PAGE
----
Interview with Janice Jarrell (the “Grandma Who Writes Hot Gay Romance and Loves It”)

Those of you that read my book review posts may remember me mentioning Janice Jarrell before.  Her book, Love’s Magic: Revolutionary Heart – Book One was one of the books reviewed in the July 2018 Book(s) Review(s) post earlier this month.  I bought the book on Kindle on a whim, read it, had so much fun reading it, and then slid into her Twitter DM’s and verbally accosted her.

Let me give a little backstory here…

I belong to the Independent Author Network.  You can see my page here.  Additionally, you can search their website and find lots of indie authors writing and publishing books covering every. single. genre.  You may find your next favorite book there!

Anyhoozles, because of this, and joining the community on Twitter, I happened to notice Janice Jarrell’s account for her book being shared a lot.  I thought this was an indie gay romance published by a young gay man because the account is named after the book, not the author.  At first, I just retweeted to help a “brother-in-arms” out and moved on with my day, hoping that he’d find his audience and become the next big thing.  I want all of my fellow indie authors to become the next big things.

Neither here nor there, but when it kept popping up on my feed repeatedly, I was like: “you know what self, you keep saying you want to read more indie books and give them love on the blog and in the reviews sections of websites, so why not this one?”  I’m not a romance reader–which is something important to know about me.  However, after buying the Kindle version of Love’s Magic: Revolutionary Heart – Book One and reading the first fourth of it, I was enamored.  It was just fun.  I can’t say that enough.  I was immediately swept up in the characters, the story, the writing–I just truly enjoyed reading this independent ebook.

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Janice Jarrell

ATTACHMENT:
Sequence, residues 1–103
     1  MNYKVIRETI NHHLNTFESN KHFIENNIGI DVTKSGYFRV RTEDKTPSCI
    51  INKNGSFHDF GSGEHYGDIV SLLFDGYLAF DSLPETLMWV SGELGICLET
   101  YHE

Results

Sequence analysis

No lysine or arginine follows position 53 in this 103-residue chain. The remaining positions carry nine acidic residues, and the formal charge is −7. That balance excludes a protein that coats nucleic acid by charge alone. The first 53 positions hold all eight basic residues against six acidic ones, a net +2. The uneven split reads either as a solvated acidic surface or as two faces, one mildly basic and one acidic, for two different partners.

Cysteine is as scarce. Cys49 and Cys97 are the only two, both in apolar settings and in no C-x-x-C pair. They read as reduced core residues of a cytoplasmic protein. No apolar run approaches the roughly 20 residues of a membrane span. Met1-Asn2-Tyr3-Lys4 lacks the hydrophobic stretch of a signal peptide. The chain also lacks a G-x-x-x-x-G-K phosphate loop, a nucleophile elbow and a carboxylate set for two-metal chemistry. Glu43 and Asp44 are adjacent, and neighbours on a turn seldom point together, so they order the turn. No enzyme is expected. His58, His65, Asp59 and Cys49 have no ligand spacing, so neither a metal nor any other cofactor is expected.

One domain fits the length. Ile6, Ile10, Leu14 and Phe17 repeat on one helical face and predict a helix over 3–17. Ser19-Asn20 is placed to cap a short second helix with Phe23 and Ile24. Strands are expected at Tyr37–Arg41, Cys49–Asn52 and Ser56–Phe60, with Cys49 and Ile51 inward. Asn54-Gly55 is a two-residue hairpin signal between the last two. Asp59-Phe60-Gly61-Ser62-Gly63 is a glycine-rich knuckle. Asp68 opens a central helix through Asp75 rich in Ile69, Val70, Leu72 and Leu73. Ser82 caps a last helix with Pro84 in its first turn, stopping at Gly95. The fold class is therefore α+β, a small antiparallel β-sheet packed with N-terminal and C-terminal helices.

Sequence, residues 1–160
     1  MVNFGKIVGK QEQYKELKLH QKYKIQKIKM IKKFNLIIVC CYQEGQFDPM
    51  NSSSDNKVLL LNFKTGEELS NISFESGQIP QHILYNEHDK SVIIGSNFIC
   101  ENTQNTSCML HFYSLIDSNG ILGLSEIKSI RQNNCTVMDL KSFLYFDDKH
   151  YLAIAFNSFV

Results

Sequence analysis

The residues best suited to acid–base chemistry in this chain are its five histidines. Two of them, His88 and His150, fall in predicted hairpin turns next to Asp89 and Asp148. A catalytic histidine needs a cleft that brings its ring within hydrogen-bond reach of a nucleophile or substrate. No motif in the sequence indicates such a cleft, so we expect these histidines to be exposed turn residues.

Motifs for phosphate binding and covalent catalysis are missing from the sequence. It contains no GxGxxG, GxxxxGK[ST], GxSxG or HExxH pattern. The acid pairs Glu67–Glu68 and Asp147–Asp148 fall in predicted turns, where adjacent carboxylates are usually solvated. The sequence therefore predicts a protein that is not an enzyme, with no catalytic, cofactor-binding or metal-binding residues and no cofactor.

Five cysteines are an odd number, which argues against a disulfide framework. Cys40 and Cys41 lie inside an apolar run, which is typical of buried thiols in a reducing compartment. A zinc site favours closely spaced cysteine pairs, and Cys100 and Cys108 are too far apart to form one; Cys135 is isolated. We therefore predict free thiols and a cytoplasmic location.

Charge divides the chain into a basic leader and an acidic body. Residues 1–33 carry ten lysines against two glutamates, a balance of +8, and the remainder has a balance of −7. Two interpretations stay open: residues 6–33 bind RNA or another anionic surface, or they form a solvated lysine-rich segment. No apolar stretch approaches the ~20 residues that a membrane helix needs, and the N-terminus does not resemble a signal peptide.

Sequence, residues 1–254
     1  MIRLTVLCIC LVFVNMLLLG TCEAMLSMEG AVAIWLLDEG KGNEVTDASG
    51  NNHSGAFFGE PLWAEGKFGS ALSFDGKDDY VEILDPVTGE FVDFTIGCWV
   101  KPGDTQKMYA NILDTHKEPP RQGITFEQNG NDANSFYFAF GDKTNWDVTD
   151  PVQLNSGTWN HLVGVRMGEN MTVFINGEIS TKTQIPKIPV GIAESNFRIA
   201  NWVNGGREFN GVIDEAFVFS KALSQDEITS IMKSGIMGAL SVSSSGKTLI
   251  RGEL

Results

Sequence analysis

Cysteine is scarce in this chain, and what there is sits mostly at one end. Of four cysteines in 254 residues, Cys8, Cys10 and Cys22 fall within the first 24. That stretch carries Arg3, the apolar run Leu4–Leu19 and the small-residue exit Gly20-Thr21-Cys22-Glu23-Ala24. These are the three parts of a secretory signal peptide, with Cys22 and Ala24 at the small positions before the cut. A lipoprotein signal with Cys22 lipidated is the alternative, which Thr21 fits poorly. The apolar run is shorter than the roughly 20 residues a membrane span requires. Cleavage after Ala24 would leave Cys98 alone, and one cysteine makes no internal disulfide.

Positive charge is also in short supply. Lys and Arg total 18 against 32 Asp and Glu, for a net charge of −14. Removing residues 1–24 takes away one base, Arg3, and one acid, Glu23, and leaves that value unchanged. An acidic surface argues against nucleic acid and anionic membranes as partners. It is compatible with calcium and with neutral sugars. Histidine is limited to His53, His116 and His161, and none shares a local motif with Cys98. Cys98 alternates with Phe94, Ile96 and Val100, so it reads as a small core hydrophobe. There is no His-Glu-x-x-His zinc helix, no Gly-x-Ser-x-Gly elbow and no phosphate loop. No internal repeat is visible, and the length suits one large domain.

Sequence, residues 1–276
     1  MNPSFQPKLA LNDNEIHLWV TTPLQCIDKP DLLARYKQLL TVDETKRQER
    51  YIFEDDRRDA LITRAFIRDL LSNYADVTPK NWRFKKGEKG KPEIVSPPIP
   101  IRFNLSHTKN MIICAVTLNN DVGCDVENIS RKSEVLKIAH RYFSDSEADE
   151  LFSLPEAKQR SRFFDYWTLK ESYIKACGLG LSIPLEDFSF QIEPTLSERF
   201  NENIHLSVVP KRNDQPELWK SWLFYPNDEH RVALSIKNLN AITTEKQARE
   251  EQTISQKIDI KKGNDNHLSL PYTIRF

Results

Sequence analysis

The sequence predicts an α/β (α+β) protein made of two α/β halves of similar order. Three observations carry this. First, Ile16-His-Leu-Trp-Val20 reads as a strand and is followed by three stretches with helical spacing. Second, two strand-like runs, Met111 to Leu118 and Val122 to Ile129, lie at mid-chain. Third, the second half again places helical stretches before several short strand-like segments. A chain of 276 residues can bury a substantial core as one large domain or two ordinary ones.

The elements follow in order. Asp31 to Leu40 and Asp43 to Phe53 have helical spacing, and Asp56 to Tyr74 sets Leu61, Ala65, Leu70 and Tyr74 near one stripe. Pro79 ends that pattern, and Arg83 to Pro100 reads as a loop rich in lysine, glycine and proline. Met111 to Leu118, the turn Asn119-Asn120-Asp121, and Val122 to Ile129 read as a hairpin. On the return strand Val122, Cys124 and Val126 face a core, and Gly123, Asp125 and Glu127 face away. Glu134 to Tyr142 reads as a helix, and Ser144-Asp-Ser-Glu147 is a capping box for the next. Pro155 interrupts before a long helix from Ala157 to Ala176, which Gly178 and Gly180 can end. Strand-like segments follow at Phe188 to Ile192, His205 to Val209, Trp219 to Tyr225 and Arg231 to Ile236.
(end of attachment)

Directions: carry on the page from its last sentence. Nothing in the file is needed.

Then I found out that this gay erotic romance was written by a 74-year-old grandmother who loves to write hot gay romance.  

Then I found out that she loves slash fiction and cosplay.

Then I found out she’s been writing slash since she was 12-years-old.

I immediately loved the book more–and I knew that this woman was someone that I wanted to know more about.  So, what else to do but DM her and ask her if I could interview her for the blog?  Without hesitation, she graciously accepted.  And she was everything that I had hoped for–engaging, funny, kind, thoughtful…I just really think she’s a special lady.  And I’m pretty sure you all will feel the same way.  So without further ado, I want to share the interview with you.

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‘Love’s Magic’ cover.

Me: I read your book on a whim. I’m not a big follower of the romance or slash genres, but I found Love’s Magic: Revolutionary Heart – Book One to just be so much fun and highly addictive—with a great plot encompassing multiple characters’ storylines.  How did you first come to conceive of the story?

Janice: Okay, well, this is long and boring. I first wrote David and Nate in a work called ‘Love’s Legacy’ which ended up being so freaking bad that I removed it from publication. It was clear to me that I was still writing fanfiction, so I started from scratch.  I wanted a story which featured David and Nate but I also wanted to bring in a couple new characters, and thus Colin and Joshua were born.  The subject of on-campus assault came from a more personal source. I was the victim of assault and wanted to explore the subject in more depth. The four main characters in Love’s Magic all had to deal with assault and abuse, each in their own way. No one of them handles it quite the same way the others do. Each of these four men is stumbling toward their own healing and eventually share the best of what they’ve learned along the way with the other three. I needed every single one of these men in order to tell the story that needed to be told.  They all saw the issue from a different perspective. But before they could find the healing they needed they each had to learn to see it through each other’s eyes. And their path to understanding was rife with misunderstandings…not to mention knock down drag out fights.

Me: All writers enjoy writing one (or a few) character(s) more than others. Which character from Love’s Magic: Revolutionary Heart – Book One is your favorite to write and why?